Wednesday, February 13, 2013

Successful pair programming interviews

We've introduced pair programming as part of our interview process at REA a while ago. In general I think its been quite a success. Its a great way to get a perspective on a candidate that you otherwise won't get. You see a bit of how they work first hand, instead of trying to infer it from a conversation.

The following is a list of things that I find helpful to get the most out of a pair programming interview.

Work on familiar code
During the pair programming interview we work on the candidate's code that they have submitted prior to the face to face interview. The task is to implement a couple of additional requirements in their code. Its a much more realistic scenario and you can jump right into it as the candidate is familiar with the code.

Have the environment ready
Setup a workstation beforehand with their code open in a simple IDE. I find Sublime Text works well for this (btw. this is not your chance to convert someone to VI). Also, make sure their code is running on the workstation, you do not want to waste time with, for example, installing a particular version of Ruby.

I did this because ...
Before even looking at the additional requirements I ask candidates to talk me through their submitted code. It gives them a chance to reacquaint themselves with the code and it gives you a glimpse into their ability to explain their own work. Its a great chance to ask them why they have decided on certain implementation details.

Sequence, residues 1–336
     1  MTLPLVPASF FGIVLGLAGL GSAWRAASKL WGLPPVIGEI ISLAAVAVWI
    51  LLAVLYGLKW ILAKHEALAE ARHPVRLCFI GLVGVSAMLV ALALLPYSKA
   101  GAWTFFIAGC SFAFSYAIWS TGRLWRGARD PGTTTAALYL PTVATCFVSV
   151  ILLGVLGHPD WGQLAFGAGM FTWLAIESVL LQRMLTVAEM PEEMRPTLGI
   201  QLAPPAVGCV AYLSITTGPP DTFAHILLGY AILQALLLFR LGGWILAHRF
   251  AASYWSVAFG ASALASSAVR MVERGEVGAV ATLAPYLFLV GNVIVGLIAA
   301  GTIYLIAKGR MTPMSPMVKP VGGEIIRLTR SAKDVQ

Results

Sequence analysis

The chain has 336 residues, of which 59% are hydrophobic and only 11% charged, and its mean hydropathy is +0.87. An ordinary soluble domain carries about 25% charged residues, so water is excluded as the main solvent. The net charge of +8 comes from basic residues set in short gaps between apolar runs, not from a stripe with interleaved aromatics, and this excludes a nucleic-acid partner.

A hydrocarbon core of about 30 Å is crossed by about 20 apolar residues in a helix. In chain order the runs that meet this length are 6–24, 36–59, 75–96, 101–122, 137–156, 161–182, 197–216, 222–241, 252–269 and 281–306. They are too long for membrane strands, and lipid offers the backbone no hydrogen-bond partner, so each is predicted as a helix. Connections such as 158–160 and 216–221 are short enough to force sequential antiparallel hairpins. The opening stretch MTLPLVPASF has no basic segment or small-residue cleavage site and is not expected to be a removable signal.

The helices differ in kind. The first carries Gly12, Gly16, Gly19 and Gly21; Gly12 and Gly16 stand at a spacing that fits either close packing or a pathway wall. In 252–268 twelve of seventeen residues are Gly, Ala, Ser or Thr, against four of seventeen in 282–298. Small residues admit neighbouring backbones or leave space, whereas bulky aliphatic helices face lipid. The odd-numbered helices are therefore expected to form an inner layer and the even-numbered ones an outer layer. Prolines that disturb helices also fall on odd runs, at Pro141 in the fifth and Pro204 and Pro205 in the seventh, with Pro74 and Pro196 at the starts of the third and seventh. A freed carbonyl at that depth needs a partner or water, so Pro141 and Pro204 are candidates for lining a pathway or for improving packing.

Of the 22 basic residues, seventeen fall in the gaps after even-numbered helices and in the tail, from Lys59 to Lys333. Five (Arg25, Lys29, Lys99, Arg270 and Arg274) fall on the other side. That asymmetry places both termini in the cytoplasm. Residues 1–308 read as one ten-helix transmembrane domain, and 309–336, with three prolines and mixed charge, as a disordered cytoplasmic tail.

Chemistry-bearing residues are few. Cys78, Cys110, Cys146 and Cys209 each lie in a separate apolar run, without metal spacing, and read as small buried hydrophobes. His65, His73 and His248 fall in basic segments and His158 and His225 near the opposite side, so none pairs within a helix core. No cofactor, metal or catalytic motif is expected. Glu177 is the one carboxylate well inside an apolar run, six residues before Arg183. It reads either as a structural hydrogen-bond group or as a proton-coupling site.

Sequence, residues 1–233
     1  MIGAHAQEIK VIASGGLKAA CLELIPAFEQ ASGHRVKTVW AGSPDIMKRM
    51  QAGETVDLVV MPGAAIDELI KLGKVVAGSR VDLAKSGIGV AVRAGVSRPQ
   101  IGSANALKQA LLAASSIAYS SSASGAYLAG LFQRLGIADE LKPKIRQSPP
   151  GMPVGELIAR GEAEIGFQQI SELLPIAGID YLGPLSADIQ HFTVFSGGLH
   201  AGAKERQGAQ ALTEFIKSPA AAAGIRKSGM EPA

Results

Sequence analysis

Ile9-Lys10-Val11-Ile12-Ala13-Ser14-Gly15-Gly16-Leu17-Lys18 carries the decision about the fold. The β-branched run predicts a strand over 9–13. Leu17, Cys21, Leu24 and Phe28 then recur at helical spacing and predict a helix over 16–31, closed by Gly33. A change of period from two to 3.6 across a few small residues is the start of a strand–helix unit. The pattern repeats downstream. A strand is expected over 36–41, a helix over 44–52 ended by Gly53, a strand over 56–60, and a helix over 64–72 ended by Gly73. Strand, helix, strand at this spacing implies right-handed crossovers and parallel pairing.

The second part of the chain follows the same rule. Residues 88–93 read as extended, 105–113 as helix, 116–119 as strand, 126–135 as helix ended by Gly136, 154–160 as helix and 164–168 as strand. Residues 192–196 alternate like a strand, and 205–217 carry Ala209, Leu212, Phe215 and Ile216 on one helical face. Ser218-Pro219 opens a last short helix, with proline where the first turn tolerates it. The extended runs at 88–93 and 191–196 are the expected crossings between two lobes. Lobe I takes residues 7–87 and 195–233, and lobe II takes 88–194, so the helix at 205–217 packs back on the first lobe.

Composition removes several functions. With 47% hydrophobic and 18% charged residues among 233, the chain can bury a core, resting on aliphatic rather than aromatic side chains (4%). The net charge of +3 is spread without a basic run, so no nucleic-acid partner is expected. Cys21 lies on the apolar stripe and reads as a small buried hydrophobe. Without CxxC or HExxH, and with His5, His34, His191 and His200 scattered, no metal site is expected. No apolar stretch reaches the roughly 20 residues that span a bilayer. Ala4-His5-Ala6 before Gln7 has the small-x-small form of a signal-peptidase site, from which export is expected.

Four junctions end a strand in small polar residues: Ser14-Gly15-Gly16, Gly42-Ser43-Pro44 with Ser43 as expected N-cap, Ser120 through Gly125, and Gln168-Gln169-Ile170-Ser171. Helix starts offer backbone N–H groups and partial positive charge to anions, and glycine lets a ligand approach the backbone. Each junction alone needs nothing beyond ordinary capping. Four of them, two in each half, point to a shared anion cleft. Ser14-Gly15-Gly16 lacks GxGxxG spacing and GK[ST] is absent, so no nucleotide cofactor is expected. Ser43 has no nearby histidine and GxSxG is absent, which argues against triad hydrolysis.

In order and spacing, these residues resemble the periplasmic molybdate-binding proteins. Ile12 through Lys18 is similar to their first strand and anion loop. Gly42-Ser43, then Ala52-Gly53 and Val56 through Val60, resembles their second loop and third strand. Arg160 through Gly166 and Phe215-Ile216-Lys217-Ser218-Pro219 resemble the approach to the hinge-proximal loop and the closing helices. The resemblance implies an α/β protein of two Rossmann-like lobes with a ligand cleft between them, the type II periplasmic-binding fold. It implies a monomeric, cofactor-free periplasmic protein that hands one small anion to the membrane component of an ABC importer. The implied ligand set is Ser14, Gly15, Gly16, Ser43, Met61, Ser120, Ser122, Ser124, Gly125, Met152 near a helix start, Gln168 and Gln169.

Written requirements
Have the additional requirements in a written format. You might think it is simple enough to explain it verbally but its because you came up with it. Also, I find it helpful to read it out loud to them while they follow on paper. Keep in mind, this person is probably quite nervous, make it easy for them to comprehend what you are asking them to do.

It is an open book test
I sometimes interview candidates that are new to Ruby, I do not expect them to know the language API. I make it clear that they can use the internet if they get stuck. I have had some great insights into candidates' behaviour when they know a certain method should exist but not sure what the method name is.

The aim is not to finish
I make it very clear that the point is not to finish, we never do. Its obviously a good indicator to see how far they get but you are looking for much more than that and if finishing is the main objective you'll be missing a lot of valuable observations along the way.

Help them to be their best
Its in your best interest to see the candidate perform at their best, you want to see their potential. This means that sometimes you need to let them battle with a problem when they get stuck and other times you need to guide them to allow them to move on. You'll become a better judge of this the more you interview.

Fly against the wall
We find it helpful when a third person sits in to observe. They tend to pick up on things that you might miss. However, it is important for the observer to observe and not to get involved in the pairing, too many cooks spoil the broth ...

Allow a few minutes at the end to debrief. Discuss what they would've done next (assuming you did not complete all the requirements), if it was it easy or hard, would they have done anything differently, etc.

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